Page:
Tag Archives: Russian hacking

More defamation is coming from Trump

My vertigo is getting serious as I listen to Donald J. Trump’s latest 180-degree pivot on that so-called “Russia thing.”

The man who has called the Russian meddling in the 2016 presidential election a “hoax” and a product of “fake news” now has defamed his immediate predecessor — again!

Trump says Barack H. Obama “colluded” with Russians to influence the election. He says Hillary Clinton did, too.

This man, the president, make no sense … at all! None. He blathers, bloviates and blusters about this and that. He cannot differentiate between fact and fiction. He has just promulgated another fictitious story line — a lie, if you will — about President Obama.

Trump seemed to dovetail from a Washington Post story that details in tremendous detail about the Obama administration’s struggle to deal with Russian hacking in advance of this past year’s election. Then he went further, suggesting that Obama’s flinching on action against Russia means he colluded with them.

How does this make sense? U.S. intelligence agencies have concluded that Russia sought to influence the election to favor Trump. He now seems to suggest that Obama worked with the Russians to elect the fellow who was running against Obama’s preferred candidate: Hillary Rodham Clinton.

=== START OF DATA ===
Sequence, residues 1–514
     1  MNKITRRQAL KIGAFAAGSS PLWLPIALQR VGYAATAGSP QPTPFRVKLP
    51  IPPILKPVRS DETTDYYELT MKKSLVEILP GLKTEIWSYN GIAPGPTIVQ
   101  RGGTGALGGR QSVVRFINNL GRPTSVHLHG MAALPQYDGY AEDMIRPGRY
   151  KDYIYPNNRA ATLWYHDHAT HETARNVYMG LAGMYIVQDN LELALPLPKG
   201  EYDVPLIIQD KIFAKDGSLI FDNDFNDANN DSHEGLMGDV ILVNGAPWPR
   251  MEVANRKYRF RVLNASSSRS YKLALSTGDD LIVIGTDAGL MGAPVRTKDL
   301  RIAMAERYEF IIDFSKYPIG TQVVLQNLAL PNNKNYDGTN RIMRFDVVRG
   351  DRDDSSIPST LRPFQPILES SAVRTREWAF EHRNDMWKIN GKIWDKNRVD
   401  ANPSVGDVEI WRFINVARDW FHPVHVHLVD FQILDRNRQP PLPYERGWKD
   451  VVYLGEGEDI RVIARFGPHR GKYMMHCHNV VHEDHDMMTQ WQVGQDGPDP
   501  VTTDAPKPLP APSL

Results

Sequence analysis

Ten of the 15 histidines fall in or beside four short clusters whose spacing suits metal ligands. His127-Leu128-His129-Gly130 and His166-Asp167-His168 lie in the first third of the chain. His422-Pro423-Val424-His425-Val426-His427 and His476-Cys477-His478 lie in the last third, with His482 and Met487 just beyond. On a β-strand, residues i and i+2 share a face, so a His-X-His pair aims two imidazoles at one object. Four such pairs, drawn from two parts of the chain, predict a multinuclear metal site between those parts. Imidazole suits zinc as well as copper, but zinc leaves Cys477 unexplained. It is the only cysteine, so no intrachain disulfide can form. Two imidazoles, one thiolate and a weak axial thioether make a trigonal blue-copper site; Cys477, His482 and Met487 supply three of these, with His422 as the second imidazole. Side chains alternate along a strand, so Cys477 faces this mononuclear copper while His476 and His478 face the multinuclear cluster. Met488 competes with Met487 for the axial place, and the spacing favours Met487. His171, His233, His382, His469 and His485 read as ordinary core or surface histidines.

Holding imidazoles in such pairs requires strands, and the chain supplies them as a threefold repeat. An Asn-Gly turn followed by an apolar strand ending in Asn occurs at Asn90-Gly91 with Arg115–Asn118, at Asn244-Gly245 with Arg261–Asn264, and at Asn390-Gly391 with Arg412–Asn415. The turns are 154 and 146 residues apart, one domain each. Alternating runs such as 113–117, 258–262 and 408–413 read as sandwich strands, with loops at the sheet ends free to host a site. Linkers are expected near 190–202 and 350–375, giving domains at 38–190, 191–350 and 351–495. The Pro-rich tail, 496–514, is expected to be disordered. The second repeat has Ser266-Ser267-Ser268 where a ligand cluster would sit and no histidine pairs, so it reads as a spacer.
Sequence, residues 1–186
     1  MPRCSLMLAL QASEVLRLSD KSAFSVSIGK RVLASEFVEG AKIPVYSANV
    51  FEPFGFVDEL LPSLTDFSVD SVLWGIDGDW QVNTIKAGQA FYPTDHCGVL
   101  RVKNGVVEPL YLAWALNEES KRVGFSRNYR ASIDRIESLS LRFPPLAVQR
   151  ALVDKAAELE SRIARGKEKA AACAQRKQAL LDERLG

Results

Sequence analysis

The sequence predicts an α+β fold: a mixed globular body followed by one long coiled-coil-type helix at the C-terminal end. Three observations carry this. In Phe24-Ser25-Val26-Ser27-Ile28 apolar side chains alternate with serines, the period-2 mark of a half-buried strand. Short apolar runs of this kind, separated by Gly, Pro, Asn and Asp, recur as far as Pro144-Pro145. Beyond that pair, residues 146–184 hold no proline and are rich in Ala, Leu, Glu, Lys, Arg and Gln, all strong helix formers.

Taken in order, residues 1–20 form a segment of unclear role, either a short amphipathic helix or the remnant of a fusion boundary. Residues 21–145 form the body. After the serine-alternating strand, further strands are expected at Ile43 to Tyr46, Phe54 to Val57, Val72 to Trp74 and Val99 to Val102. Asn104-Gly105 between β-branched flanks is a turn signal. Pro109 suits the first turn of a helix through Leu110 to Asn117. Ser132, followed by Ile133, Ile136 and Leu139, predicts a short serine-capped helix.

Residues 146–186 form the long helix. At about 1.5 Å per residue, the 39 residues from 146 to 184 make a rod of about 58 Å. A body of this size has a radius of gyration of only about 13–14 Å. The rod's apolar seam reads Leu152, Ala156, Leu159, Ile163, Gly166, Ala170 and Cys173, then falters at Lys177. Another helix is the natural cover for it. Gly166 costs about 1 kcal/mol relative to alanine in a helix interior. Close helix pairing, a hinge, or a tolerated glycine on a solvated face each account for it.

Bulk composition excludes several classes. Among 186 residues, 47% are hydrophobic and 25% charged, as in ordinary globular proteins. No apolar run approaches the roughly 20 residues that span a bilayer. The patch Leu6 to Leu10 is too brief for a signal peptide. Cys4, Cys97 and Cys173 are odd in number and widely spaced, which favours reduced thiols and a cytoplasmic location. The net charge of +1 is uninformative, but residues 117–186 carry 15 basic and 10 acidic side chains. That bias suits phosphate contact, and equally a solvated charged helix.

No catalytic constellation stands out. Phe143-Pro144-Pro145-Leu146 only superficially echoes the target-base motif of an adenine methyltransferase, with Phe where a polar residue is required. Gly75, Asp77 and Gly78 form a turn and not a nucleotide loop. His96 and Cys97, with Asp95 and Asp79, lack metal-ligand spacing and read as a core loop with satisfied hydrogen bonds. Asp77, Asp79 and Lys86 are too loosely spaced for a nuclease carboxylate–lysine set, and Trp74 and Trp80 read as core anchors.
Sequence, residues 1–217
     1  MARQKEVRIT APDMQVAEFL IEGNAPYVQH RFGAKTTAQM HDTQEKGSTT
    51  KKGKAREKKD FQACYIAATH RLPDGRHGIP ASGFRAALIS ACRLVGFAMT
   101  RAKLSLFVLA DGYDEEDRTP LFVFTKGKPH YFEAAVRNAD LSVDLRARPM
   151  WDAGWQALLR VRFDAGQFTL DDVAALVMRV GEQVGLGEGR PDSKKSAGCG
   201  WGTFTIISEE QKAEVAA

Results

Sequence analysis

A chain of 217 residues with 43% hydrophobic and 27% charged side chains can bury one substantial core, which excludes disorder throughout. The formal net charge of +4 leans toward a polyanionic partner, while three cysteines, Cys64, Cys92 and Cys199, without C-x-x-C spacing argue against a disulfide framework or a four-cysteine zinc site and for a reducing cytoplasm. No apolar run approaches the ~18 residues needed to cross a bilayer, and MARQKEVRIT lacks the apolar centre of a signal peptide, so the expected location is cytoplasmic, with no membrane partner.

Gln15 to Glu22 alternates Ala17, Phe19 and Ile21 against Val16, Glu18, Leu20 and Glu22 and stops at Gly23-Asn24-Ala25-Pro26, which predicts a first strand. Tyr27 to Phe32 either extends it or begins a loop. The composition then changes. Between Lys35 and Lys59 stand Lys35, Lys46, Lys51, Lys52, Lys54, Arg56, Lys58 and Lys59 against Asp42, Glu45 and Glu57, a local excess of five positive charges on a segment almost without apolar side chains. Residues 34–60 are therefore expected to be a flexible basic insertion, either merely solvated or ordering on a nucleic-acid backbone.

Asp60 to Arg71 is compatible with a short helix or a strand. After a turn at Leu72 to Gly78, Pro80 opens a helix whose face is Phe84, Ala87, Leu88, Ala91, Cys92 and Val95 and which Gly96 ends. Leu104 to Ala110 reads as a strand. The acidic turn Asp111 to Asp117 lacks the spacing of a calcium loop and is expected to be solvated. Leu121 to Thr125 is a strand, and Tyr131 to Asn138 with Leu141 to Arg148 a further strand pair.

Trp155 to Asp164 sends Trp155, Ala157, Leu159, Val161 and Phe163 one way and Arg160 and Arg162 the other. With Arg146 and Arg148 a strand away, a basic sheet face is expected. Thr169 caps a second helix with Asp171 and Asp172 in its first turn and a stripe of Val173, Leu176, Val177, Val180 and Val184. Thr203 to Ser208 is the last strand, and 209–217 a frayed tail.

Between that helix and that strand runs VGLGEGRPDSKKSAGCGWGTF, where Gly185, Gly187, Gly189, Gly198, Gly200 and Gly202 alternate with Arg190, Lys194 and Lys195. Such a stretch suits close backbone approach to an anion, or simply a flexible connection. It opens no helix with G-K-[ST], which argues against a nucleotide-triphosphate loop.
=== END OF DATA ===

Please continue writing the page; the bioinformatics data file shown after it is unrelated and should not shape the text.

Here is what Trump tweeted:

“The reason that President Obama did NOTHING about Russia after being notified by the CIA of meddling is that he expected Clinton would win and did not want to ‘rock the boat,'” Trump wrote before 9 a.m. in Washington. “He didn’t ‘choke,’ he colluded or obstructed, and it did the Dems and Crooked Hillary no good.”Source: http://us.pressfrom.com/news/politics/-62484-trump-blames-obama-for-russia-once-again/

This crap comes from the president of the United States, our head of state, our commander in chief? Oh, brother.

I need to sit down.

‘Hoax’ becomes fodder for blame-shifting?

I need to follow this stuff more carefully, I reckon.

Donald John Trump had been telling us that the Russian-meddling story was a “hoax,” a product of “fake news,” a figment of progressives’ and Democrats’ overactive imagination.

The president has yet to condemn the Russians for doing what intelligence agencies have concluded, which is that they sought to influence the 2016 presidential election through use of cyber activity.

Oh, but then comes this. He now blames the Obama administration for failing to stop the Russians in their tracks when President Obama was in office.